Within the atrium and the large room adjacent to the south, Nathan Sandberg placed several fields of white picket-like obelisks covered in the reflective glass beads used on highway stripes and medians. The “pickets” referred to the picketing of the workers, perhaps, but also to the inherent danger of working in the factory, where workers were killed and maimed routinely, and also to the danger of living near the train tracks themselves, particularly near crossings. Set together in a grid and of varying heights, they rose out of the damaged concrete floor like cautionary tombstones. In a room north of the atrium, Jeremy Scidmore installed neon triangles and pyramids that glowed like electric fires in the corners of the building: a pink-red pyramid covered a pile of debris stacked on a wooden pallet; a yellow triangle framed two leaning stones where the brick wall met the floor. The sculptures acted as remnants of the fire that consumed the interior back in 1998, and also as signifiers of the hobo fires that once burned along train lines across the United States, as well as the fire of the molten metal needed to make the train tracks and the train cars themselves, and even the iron that poured at the site in “Groundwork.”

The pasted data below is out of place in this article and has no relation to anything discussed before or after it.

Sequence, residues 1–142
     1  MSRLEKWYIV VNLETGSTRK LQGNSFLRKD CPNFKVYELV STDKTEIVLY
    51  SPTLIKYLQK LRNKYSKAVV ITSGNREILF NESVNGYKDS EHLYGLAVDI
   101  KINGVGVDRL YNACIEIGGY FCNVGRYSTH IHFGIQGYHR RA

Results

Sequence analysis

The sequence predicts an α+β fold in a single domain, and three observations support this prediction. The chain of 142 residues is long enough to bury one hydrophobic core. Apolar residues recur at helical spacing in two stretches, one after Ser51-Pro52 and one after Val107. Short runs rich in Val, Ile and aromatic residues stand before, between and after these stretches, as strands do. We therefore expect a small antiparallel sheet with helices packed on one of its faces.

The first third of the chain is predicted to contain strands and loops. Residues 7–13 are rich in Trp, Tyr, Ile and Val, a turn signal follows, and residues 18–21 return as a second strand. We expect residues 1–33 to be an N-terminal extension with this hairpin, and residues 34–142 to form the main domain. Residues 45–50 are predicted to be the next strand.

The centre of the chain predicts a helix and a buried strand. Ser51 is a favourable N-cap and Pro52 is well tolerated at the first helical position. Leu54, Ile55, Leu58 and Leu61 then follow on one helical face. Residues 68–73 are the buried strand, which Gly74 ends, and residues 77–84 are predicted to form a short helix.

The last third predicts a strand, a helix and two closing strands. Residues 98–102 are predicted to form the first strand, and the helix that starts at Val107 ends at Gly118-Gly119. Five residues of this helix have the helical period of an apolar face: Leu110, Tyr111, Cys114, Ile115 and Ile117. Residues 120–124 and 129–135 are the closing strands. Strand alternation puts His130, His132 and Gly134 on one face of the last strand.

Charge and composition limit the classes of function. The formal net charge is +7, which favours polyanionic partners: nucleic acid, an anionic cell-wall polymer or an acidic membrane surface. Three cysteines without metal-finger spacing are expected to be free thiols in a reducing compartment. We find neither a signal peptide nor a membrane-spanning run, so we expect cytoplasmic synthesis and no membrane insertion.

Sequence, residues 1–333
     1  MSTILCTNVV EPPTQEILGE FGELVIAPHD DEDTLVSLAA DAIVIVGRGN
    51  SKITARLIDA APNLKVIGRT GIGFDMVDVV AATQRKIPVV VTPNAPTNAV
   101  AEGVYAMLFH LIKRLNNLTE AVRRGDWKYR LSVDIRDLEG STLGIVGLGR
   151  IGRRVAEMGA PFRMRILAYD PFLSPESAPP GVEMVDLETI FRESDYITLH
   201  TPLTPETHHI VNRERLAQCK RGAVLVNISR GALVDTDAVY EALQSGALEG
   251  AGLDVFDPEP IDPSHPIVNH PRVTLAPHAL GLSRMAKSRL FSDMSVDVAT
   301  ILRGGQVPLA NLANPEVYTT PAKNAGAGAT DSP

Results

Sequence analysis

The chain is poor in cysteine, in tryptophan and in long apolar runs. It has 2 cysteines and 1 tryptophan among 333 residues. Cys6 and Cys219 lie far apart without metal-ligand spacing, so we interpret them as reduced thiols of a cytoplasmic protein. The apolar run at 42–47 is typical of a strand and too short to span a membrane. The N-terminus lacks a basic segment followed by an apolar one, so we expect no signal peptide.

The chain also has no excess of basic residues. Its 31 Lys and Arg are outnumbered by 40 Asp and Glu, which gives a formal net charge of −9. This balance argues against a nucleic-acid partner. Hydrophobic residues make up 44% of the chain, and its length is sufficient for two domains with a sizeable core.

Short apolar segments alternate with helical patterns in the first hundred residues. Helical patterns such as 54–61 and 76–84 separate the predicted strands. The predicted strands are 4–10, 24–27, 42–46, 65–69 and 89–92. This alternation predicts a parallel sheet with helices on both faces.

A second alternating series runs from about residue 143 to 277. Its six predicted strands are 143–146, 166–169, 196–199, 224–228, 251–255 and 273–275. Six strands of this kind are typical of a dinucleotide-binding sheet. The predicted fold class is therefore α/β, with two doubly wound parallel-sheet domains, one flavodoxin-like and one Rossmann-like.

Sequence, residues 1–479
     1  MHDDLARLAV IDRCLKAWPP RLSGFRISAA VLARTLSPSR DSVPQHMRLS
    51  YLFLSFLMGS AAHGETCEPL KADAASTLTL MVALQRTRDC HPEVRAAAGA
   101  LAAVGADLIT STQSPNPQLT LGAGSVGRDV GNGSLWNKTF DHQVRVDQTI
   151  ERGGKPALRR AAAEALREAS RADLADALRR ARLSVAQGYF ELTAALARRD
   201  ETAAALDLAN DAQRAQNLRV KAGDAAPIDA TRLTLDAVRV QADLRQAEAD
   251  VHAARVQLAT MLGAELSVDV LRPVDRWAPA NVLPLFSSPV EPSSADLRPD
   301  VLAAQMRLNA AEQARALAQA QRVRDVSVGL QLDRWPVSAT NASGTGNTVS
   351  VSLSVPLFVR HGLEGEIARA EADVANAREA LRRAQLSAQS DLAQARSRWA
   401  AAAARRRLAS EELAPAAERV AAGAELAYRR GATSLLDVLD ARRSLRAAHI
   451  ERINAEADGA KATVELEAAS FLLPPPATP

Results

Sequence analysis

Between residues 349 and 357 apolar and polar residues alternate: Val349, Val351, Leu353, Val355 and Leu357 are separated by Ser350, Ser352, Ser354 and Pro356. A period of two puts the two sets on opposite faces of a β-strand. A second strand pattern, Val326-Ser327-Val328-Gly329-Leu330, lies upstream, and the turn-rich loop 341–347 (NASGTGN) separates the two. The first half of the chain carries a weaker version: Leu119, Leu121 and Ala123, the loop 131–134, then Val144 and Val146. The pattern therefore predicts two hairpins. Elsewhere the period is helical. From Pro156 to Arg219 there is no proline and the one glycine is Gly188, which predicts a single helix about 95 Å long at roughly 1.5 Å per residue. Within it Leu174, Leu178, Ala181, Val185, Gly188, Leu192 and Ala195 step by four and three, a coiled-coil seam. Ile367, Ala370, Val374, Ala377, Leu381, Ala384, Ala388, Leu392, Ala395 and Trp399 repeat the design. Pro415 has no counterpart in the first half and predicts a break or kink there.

Last summer, JB installed an interactive piece on the side of the Hotel Florence to ask a deceptively simple question: “What is your vision of a contemporary utopian community?” He painted the concrete side of the hotel that faces 111th Street with blackboard paint and printed the question on the top of the blackboard, inviting neighborhood residents and visitors to answer with the bundle of chalk he left on the ground. George Pullman built Pullman Town to fulfill his dream of what a utopian community could be. Over the decades, the factory shut down and the neighborhood has faced issues of development, stagnation, and decay. One commenter scrawled under the question a simple statement: “Your utopia could be my nightmare.” JB’s installation, and his ongoing MOSNART project, open Pullman up to discussion and inquiry, fulfilling a contemporary utopian dream by questioning the very idea of it.